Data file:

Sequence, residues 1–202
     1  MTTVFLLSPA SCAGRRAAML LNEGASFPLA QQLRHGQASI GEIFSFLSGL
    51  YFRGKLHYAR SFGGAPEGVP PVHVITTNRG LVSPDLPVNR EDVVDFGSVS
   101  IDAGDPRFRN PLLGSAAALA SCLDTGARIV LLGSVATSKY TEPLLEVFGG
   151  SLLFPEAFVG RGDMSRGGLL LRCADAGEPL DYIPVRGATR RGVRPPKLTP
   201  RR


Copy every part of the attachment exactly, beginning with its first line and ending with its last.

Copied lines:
Sequence, residues 1–202
     1  MTTVFLLSPA SCAGRRAAML LNEGASFPLA QQLRHGQASI GEIFSFLSGL
    51  YFRGKLHYAR SFGGAPEGVP PVHVITTNRG LVSPDLPVNR EDVVDFGSVS
   101  IDAGDPRFRN PLLGSAAALA SCLDTGARIV LLGSVATSKY TEPLLEVFGG
   151  SLLFPEAFVG RGDMSRGGLL LRCADAGEPL DYIPVRGATR RGVRPPKLTP
   201  RR